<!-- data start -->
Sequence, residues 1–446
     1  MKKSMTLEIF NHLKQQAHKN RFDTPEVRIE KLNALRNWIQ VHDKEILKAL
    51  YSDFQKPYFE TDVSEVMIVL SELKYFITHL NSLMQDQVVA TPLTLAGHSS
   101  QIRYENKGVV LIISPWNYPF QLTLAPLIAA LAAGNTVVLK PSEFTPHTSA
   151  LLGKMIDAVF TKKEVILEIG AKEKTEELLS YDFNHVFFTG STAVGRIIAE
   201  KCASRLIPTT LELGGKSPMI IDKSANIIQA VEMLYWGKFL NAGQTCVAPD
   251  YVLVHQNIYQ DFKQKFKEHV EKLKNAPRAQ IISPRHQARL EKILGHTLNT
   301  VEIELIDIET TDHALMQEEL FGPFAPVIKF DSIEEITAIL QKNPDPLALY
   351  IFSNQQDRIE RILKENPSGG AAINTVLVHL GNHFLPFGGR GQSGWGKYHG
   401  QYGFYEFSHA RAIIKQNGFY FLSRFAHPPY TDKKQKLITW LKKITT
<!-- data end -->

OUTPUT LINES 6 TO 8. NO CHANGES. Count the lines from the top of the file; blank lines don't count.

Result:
   201  KCASRLIPTT LELGGKSPMI IDKSANIIQA VEMLYWGKFL NAGQTCVAPD
   251  YVLVHQNIYQ DFKQKFKEHV EKLKNAPRAQ IISPRHQARL EKILGHTLNT
   301  VEIELIDIET TDHALMQEEL FGPFAPVIKF DSIEEITAIL QKNPDPLALY